As his mother tucked him in bed that night she wondered at the happy, peaceful look on his face. When she bent over to kiss him, she said tenderly, "What makes my little boy so happy tonight?" And Billy murmured sleepily, "It's a secret, mother dear—perhaps—tomorrow," and his voice trailed off into dreamland.
The next day he was in a fever of excitement. He could hardly wait for the afternoon to arrive so anxious was he to see the fairy again. When his nurse placed him in his wheel chair she noticed his flushed cheeks and said with great concern, "I do hope, Master Billy, you are not catching anything."
"Oh, I 'm all right, nurse," returned Billy, his eyes shining. "But I do wish you would hurry." Then he gave her careful directions as to where he wished his chair placed.
Just as soon as the nurse had disappeared into the house, Billy cried softly, "I'm here, fairy-rose," and the next instant the fairy's face came peeping through the petals.
"What did they say?" began Billy eagerly.
"S-sh," whispered the fairy. "The Queen decided to hold a meeting right here in the garden and here she comes now."
Looking up, Billy saw a fairy coming down the path. She was dressed in shining raiment which glittered when she walked. She stopped in front of Billy 's chair and said, "Are you the little boy who wants to be made well and strong?" Billy nodded, too overcome to speak.
The Queen then waved her wand over the garden and immediately little faces peeped out from all the flowers.
"Listen, fairies." commanded the Queen. "Here is a little boy who wants to be made straight and strong. As the fairies started to talk she held up her wand and said, "Wait! We will let him speak for himself."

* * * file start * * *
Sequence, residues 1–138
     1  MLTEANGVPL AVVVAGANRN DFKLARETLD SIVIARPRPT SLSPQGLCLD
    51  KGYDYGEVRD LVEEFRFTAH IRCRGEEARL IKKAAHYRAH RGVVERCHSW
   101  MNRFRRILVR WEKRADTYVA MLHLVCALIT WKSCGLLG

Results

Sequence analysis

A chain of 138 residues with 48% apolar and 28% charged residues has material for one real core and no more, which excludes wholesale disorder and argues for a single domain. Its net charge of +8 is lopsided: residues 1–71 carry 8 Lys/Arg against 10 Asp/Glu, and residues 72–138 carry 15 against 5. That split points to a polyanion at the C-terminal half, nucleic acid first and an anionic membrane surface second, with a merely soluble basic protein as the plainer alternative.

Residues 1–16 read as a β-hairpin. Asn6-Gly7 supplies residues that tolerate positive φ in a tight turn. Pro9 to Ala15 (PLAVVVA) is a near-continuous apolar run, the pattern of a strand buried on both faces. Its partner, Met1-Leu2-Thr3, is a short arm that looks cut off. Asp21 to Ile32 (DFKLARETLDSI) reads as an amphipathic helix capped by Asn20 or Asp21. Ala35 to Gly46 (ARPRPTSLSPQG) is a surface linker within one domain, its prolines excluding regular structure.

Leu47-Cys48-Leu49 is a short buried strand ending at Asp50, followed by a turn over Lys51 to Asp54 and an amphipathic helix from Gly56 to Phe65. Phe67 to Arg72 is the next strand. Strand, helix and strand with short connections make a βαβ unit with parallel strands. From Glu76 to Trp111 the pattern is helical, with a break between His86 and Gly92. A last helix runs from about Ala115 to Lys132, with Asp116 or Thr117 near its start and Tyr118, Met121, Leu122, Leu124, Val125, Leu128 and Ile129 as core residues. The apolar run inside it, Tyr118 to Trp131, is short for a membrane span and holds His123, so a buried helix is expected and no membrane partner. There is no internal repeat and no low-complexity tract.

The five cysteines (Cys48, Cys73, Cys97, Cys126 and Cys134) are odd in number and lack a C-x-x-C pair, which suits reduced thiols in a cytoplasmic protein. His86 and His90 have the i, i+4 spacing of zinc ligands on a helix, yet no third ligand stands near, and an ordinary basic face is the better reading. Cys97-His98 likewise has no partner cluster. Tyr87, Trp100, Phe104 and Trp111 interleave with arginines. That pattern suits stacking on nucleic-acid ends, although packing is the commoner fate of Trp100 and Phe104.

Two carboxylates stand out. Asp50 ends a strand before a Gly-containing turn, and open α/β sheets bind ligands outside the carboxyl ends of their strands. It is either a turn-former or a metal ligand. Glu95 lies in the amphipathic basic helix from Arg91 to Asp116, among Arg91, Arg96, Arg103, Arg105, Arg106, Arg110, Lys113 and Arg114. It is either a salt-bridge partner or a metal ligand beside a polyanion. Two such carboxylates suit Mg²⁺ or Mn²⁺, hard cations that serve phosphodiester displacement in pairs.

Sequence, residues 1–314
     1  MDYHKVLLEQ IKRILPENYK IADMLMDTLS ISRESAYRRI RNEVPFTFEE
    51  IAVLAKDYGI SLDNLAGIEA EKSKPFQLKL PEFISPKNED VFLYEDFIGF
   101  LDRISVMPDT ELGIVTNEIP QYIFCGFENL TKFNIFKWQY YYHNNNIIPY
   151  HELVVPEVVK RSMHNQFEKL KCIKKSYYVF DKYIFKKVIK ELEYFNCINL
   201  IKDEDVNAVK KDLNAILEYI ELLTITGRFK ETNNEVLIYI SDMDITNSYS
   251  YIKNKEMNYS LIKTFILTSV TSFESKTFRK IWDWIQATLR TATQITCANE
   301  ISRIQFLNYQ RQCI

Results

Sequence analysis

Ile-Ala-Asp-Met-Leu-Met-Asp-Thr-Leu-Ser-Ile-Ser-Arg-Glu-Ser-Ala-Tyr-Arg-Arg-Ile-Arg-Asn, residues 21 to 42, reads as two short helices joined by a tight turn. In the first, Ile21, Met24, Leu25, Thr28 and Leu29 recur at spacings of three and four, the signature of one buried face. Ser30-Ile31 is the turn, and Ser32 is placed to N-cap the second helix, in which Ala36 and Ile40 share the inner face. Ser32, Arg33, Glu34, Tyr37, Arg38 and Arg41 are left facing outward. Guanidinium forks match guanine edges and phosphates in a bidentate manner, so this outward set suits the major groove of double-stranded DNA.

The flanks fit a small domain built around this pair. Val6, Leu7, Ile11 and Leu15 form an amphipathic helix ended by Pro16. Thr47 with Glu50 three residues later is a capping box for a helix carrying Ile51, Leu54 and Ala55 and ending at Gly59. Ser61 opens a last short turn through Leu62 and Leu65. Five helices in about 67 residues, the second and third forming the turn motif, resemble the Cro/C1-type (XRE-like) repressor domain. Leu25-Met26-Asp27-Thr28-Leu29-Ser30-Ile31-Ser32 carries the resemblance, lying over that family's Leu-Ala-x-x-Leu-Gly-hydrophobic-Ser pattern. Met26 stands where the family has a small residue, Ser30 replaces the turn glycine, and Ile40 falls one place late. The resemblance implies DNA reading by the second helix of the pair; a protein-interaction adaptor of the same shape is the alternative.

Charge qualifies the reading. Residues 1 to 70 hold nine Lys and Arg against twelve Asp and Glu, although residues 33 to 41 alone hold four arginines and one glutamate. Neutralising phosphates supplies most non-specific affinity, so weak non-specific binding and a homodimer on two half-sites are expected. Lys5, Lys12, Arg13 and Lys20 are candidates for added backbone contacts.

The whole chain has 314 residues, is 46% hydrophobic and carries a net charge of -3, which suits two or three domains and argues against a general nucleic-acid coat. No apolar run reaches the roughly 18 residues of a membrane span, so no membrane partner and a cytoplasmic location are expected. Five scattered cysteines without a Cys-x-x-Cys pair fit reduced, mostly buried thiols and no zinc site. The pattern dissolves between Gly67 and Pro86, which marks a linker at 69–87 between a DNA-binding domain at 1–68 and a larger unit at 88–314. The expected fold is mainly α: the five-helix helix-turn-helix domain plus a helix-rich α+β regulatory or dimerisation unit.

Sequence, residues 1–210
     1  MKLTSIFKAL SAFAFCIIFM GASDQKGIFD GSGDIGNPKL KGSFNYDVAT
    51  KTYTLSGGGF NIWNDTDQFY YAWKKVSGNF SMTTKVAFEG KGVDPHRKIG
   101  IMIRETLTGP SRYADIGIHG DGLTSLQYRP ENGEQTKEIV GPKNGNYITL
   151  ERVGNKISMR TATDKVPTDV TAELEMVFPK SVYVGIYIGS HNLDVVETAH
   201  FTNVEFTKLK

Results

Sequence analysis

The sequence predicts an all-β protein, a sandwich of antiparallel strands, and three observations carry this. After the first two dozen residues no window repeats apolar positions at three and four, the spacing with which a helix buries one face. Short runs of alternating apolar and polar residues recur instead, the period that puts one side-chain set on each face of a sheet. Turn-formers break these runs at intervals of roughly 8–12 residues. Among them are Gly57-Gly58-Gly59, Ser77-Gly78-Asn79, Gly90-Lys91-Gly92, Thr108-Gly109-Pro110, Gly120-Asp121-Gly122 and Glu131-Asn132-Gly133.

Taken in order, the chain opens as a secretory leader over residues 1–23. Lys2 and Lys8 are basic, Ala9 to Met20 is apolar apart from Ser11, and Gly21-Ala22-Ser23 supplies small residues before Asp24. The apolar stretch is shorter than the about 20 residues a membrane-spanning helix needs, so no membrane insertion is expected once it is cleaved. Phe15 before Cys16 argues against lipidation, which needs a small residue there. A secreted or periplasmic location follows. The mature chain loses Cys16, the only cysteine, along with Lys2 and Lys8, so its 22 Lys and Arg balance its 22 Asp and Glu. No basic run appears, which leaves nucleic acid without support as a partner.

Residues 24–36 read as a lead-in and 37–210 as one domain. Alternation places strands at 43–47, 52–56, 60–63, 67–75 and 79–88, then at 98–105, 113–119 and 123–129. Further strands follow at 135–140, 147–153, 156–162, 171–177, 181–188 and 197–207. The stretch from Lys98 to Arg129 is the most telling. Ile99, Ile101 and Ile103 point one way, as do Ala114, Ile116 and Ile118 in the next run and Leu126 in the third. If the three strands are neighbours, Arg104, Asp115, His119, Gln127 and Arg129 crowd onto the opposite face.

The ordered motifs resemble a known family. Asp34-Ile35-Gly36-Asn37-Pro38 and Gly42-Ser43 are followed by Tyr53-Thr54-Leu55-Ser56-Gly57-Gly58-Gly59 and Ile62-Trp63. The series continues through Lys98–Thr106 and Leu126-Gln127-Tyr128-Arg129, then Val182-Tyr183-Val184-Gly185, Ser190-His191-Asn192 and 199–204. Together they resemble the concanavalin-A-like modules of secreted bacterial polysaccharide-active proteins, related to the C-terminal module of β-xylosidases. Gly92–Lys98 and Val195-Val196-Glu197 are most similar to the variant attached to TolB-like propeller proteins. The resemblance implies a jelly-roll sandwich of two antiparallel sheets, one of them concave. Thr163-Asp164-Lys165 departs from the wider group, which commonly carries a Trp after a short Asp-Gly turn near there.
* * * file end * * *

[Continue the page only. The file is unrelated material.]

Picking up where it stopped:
Billy felt rather shy at being the center of so much attention, but he knew they were waiting and so he began: "I - I want to be like other boys so that I can play all of their games. Besides, if I didn't have any hump the people wouldn't look at me and say, 'How dreadful!' Please, fairies," cried Billy appealingly, "please take away the hump!"
The fairies talked among themselves for some time and although Billy listened intently he could not make out a word they were saying.
At length there was silence and then the Queen spoke: "Billy, I'm afraid we shall not be able to take away the hump, but we will help you to build such a beautiful soul that people will love you wherever you go — just for yourself, and they will forget all about the hump."
Of course Billy was disappointed—bitterly disappointed. He kept his face hidden for some time because he knew it was stained with tears, and he was rather ashamed to let the fairies see that he had been crying.
Presently the Fairy Queen continued: "And we will give you such a wonderful imagination that you will be able to make up games that other boys would never think of. And whenever you wish you may enter 'Make-believe land,' and have the most wonderful adventures there. You see this land is meant for little boys like you. The door is locked to boys who are straight and strong."
And suddenly Billy felt a wonderful peace steal over him, and he became very, very happy. When he lifted his head he discovered that the Queen and all the fairies had disappeared and that his nurse was coming for him.
"Why, Master Billy," she exclaimed in astonishment. "You - you look different somehow!"
"I feel different and I am different, nursie dear," replied Billy sweetly as he leaned back in his chair. "After this I am going to be the happiest boy alive." On his face a strange, sweet expression rested which comes only to those who have sensed the reality of holy things.
Contemporary Mystic Christianity